The United Kingdom's secret firewall

ISPs don't censor the internet, with a few notable exceptions: since the Demon vs Godfrey case in 2001, ISPs have been legally obliged to remove allegedly defamatory material from their servers or face prosecution, and many mobile phone connections have adult content filters switched on by default to stop children accessing content they shouldn't.

The main exception is child pornography, which ISPs block by default. Websites are usually blocked in one of two ways: DNS filtering or blacklists. DNS filtering is the simplest method, but it can be a very blunt instrument.


When you block a specific site by its IP address, you also block any of its subdomains. This is how US authorities wrongly blocked some 84,000 subdomains last year, replacing their websites with notices claiming that they were involved in illegal pornography.

The other common approach, content filtering, is less likely to block legitimate websites. Instead of simply blocking IP addresses, content filtering checks requested URLs against a database of known sites.

If the URL isn't on the list, the page appears normally. If the URL is on the list, the traffic is routed to proxy servers that perform a more detailed check. If the URL passes this test, the requested page or file is shown. If it doesn't, the browser is redirected to a warning page or 'Page not found' message instead of the requested content.

That's how Cleanfeed, BT's illegal content filter, works. The blocklist comes courtesy of the Internet Watch Foundation, and it only checks for content that's been identified as child pornography. The IWF also monitors the internet for other material, including incitement to violence, hate speech and other obscene content, but that content isn't included on its URL blocklist.

All ISPs - including mobile phone data networks - have been required by law to use this kind of filtering since 2008. The big advantage of the Cleanfeed system is its precision. For example, it can block a single page or file and leave the rest of a website untouched.

Like any system, though, it isn't perfect: in 2008 it emerged that the IWF blocklist included a Wikipedia page about The Scorpions' album Virgin Killer, whose controversial artwork was deemed illegal under UK law. The blocklist censored the page describing the artwork, but not the artwork itself, and it temporarily prevented users of Cleanfeed-subscribing ISPs from updating any entries on Wikipedia whatsoever.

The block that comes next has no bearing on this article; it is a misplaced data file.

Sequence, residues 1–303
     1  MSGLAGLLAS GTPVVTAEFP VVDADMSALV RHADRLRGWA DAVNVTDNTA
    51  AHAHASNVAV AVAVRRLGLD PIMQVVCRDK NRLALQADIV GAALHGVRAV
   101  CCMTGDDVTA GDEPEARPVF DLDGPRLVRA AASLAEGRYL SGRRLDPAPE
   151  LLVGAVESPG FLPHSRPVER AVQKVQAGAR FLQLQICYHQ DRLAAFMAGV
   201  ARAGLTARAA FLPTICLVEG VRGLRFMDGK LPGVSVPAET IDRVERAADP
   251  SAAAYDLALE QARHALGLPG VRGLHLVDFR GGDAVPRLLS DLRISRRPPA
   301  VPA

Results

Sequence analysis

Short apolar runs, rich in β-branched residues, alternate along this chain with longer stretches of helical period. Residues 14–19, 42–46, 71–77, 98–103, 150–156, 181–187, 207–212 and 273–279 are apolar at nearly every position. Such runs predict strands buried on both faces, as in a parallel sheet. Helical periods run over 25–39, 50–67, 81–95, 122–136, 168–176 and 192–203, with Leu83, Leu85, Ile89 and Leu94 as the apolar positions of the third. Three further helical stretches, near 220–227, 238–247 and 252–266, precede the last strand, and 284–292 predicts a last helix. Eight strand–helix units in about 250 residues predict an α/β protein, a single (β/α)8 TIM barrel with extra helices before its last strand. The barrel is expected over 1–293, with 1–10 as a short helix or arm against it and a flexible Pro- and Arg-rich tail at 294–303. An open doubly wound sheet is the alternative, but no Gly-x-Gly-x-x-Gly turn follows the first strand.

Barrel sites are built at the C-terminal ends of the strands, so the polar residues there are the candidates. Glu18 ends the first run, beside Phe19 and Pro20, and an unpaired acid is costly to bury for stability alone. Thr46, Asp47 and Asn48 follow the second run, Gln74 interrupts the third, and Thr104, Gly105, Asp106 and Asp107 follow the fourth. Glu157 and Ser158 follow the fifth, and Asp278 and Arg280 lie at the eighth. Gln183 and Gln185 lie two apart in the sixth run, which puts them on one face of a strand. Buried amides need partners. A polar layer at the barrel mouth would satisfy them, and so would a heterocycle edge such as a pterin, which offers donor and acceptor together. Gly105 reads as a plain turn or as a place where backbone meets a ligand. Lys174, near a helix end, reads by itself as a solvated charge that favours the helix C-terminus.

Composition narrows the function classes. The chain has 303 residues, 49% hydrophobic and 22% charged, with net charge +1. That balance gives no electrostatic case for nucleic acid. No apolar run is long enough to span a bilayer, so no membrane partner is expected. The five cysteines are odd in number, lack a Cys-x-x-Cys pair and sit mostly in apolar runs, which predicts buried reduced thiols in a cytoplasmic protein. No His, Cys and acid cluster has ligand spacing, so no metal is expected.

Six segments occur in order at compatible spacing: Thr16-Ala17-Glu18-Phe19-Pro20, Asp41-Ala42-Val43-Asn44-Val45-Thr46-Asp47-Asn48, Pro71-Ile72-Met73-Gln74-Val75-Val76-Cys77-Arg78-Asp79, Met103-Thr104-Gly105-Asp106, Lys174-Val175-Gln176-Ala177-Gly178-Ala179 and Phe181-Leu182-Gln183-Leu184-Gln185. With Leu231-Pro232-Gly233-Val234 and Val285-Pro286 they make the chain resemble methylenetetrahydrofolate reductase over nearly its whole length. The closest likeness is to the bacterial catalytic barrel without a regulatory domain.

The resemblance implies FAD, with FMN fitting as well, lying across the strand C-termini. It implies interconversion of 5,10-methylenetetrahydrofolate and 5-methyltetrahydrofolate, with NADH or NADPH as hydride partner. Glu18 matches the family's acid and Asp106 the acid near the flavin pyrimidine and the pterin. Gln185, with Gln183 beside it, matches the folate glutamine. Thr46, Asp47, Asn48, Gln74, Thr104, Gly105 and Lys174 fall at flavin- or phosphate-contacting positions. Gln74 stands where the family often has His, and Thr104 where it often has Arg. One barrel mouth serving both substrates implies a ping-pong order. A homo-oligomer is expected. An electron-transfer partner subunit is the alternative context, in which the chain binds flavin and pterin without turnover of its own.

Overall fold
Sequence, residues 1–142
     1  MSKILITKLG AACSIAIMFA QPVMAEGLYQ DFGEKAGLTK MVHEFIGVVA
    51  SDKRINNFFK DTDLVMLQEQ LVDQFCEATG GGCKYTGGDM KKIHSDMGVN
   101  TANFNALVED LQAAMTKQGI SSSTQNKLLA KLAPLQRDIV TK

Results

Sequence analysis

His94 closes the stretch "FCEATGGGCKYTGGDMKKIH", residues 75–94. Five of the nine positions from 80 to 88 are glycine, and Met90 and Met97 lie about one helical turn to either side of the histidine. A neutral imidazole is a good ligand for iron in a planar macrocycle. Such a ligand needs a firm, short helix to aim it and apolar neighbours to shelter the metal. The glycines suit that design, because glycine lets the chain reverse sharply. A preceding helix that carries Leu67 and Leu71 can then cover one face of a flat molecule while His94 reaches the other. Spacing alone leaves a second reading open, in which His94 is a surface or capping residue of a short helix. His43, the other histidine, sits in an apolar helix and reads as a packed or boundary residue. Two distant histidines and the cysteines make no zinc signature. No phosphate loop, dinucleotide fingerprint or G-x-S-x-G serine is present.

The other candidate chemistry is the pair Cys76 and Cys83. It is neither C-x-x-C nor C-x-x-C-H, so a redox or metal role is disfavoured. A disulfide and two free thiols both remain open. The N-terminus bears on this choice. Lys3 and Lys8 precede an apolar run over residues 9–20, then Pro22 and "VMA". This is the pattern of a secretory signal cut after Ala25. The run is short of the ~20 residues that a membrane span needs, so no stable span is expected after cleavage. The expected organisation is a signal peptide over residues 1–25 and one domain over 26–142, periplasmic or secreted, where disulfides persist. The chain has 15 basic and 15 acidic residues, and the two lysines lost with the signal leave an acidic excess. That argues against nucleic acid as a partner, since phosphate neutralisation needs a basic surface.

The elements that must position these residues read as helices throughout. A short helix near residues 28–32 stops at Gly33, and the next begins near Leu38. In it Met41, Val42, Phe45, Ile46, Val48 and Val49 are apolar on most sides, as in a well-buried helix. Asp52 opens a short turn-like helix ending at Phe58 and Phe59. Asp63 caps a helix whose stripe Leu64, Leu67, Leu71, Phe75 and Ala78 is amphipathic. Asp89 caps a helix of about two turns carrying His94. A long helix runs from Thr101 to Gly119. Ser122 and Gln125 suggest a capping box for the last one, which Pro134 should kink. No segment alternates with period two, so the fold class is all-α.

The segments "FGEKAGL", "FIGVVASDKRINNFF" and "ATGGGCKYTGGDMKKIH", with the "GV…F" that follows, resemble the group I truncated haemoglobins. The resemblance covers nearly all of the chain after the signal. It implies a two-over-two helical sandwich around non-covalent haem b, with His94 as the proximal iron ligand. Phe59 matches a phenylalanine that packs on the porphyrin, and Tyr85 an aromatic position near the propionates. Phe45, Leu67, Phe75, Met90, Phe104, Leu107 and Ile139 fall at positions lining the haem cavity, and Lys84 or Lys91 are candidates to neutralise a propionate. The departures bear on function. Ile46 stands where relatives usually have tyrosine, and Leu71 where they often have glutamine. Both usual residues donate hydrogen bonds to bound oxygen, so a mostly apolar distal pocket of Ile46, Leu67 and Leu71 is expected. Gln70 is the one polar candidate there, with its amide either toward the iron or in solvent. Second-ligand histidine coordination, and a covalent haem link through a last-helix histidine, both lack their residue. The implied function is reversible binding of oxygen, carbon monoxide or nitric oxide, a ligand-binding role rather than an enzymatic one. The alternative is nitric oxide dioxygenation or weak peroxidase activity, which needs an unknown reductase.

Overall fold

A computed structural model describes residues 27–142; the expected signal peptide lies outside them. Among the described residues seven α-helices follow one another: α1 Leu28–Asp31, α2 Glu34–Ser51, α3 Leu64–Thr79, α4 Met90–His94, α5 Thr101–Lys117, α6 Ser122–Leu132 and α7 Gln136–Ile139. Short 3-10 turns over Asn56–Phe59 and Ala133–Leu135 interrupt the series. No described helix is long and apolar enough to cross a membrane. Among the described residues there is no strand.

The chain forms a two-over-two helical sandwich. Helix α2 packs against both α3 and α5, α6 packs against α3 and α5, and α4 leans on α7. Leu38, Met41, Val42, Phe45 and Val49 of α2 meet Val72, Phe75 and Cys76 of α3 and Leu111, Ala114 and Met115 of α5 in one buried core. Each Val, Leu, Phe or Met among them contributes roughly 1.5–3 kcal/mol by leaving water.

Mission creep


Despite the odd problem, few people would argue that filtering child pornography is a bad thing. However, any kind of site-blocking suffers from mission creep: if we can filter one type of content, politicians and pressure groups ask, why can't we filter another?

The most extreme example of such mission creep is in Australia. Its Labor Party wants ISPs to block any content that isn't suitable for under-15s, and which isn't protected by effective age verification systems, and its politicians have proposed that ISPs should also block euthanasia and anorexia websites, sites about illegal drugs, sites about abortion, overseas online gambling and so on.

Such mandatory filtering would be based on the ACMA (Australian Communications and Media Authority) blacklist, which, if the leaked version posted on Wikileaks is genuine, includes a dental surgery, a dog kennel and a travel agency. Could similar filtering happen here?

In 2006, Home Office minister Vernon Croaker admitted that the government had considered legislation forcing ISPs to block sites "glorifying terrorism" under the Terrorism Act 2006, while in December Ed Vaizey told the Sunday Times that ISPs should block all legal pornography by default "to protect children".

"I am hoping they will get their acts together so we don't have to legislate," Vaizey said. If you've ever run up against your phone provider's adult content filter while trying to access a perfectly reputable and non-pornographic website, you'll know that such filtering already happens and often tends to be overzealous.

In addition to filtering adult content, the government would like ISPs to filter another kind of content. In April, the culture minister met with ISPs to discuss the creation of an IWF-style blacklist - this time to filter sites accused of copyright infringement.

Secret blocks

"Website blocking is not straightforward," Trefor Davies says. "Consumer ISPs blocking the IWF list are only having to deal with around 600 URLs, updated twice daily. Having to gear up to cope with what are potentially hundreds of thousands of sites is another cost dimension again. The other issue is who takes responsibility for which sites to block. I wouldn't be happy as an ISP to take ownership, because I might be sued for wrongful blocking. I wouldn't be happy for rights holders to decide which sites are blocked. So it has to be a competent person like a judge, which introduces a whole new set of costs and issues."